As far as Tolkien's work...it did.



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Vocatus atque non vocatus, Deus aderit
Called or uncalled, God is present

Hobbit from Hobbiton - Rank 4
Status: Offline
Posts: 217
Date: Sep 19, 2009
RE: Does it take a vvar ?

Hey Bear

Nice reply....kind of sad.

The technoligical advances made during VVVV2 is staggering...
Such a cost...such a shame.

Adversity does bring out the best and the vvorst of us monkeys.

i recall reading, that prior to a large battle, J.R.R. vvas removed from the frontline, due to trench foot...very much like Bilbo having a bump in the head at the battle of the 5 armies.

vvvv1 vvas such a tragic time...mostly forgotton...my Great Great Great Grandfather...James Kelly died serving the Edinburgh Fusileers.

His name is in a book of rememberance at Edinburgh castle........the only thing that I knovv of him...is that he died at vvar.....sad.

As a species...do vve require vvar to advance...?
Do millions have to die , so that vve have the next vvvave of engines or medicines etc.

Is vvar an inherent aspect of our species for just that reason ?

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Love Light and Peace
Lord Elrond of Rivendell - Rank 9
Status: Offline
Posts: 2960
Date: Sep 21, 2009
Filli,
You are going very deep here.

"As a species...do we require war to advance?  Do millions have to die , so that we have the next wave of engines or medicines (etc.)?   Is war an inherent aspect of our species for just that reason?" (Tolkien Forums  > J.R.R. Tolkien himself forum > Does it take a war? > Filli > September 19th, 2009)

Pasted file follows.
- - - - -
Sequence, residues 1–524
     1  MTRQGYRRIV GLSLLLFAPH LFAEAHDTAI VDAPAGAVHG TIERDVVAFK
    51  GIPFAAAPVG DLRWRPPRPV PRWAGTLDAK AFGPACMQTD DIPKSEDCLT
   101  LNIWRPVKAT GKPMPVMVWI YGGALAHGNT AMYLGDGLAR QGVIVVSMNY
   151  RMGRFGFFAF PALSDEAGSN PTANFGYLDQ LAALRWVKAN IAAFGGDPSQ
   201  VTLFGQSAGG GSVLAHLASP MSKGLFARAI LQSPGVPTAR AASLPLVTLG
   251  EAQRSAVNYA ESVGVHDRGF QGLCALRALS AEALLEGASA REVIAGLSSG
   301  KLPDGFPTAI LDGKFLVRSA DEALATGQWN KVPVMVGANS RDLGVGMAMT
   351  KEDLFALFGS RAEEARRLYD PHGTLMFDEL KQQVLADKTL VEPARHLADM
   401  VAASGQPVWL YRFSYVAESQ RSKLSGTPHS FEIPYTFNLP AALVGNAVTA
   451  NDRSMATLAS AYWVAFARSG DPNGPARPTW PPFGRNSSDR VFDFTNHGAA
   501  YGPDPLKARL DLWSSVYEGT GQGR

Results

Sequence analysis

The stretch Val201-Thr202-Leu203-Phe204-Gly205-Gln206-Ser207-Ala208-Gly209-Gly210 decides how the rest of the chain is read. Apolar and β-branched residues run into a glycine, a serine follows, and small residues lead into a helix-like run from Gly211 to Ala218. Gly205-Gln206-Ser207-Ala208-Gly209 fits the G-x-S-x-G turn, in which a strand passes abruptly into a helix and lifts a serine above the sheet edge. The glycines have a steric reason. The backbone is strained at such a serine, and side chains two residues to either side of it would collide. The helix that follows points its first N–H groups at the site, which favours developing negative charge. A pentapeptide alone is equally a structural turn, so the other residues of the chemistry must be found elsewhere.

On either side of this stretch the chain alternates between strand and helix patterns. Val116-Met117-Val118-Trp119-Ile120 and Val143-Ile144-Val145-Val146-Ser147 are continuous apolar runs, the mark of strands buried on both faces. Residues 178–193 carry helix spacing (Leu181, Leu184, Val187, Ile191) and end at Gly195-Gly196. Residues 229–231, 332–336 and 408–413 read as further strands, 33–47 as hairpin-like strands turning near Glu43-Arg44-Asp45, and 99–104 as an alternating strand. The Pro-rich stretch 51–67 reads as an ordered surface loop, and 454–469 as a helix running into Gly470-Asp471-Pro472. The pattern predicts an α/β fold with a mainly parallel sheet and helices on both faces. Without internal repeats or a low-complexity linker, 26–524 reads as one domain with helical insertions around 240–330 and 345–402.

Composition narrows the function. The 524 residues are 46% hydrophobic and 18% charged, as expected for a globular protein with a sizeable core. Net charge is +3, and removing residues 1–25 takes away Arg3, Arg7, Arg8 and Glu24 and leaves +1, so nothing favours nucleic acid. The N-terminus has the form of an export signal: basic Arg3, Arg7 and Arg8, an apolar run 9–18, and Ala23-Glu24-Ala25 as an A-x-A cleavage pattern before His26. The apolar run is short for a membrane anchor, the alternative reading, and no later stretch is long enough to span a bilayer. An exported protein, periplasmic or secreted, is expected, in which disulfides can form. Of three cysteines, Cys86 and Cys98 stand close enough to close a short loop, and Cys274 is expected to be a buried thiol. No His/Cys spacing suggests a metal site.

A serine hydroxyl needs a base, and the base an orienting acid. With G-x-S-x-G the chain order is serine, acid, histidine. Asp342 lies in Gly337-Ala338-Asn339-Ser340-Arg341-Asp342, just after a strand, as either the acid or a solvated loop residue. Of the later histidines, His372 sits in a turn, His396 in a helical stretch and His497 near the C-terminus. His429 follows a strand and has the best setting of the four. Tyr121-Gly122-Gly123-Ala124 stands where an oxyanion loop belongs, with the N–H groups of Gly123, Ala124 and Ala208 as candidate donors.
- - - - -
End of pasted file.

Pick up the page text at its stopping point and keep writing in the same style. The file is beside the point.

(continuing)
These questions are deep philosophical inquiries into the soul of man and the ultimate struggles of good vs. evil, and life vs. death, and the survival of each person, each nation, and our species.
Besides an abstract philosophical vein there is also the pragmatic personal one.
There are many perspectives that can give contradictory answers and still both be right.


Rather than run through all the philosophers and social theorists who would bury us in quotes,statistics, opinions, and theories...I found something which is far more eloquent and more of a true answer...And this is especially for you Filli...Because of the friendship and spirit you have brought here that has enriched us all...

This is from the last few scenes of the  Peter Jackson film; The Lord of the Rings, The Two Towers...The Nazgul have attacked Osgiliath and Faramir finally understands the corrupting nature of the Ring and is about to let Sam, Frodo, and Smeagol continue on their quest...
Sam:
"I know. It's all wrong. By rights we shouldn't even be here. But we are. It's like in the great stories, Mr. Frodo. The ones that really mattered. Full of darkness and danger they were. And sometimes you didn't want to know the end. Because how could the end be happy? How could the world go back to the way it was when so much bad had happened. But in the end, it's only a passing thing, this shadow. Even darkness must pass. A new day will come. And when the sun shines it will shine out the clearer.
Those were the stories that stayed with you. That meant something. Even if you were too small to understand why. But I think, Mr. Frodo, I do understand. I know now. Folk in those stories had lots of chances of turning back only they didn't. They kept going. Because they were holding on to something."

Frodo:
"What are we holding on to, Sam?"
Sam: [He helps Frodo up and says:]  "That there's some good in this world, Mr. Frodo. And it's worth fighting for."

I'll send this to you in a PM.  And I think that this my friend, is the best answer we can get!


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Vocatus atque non vocatus, Deus aderit
Called or uncalled, God is present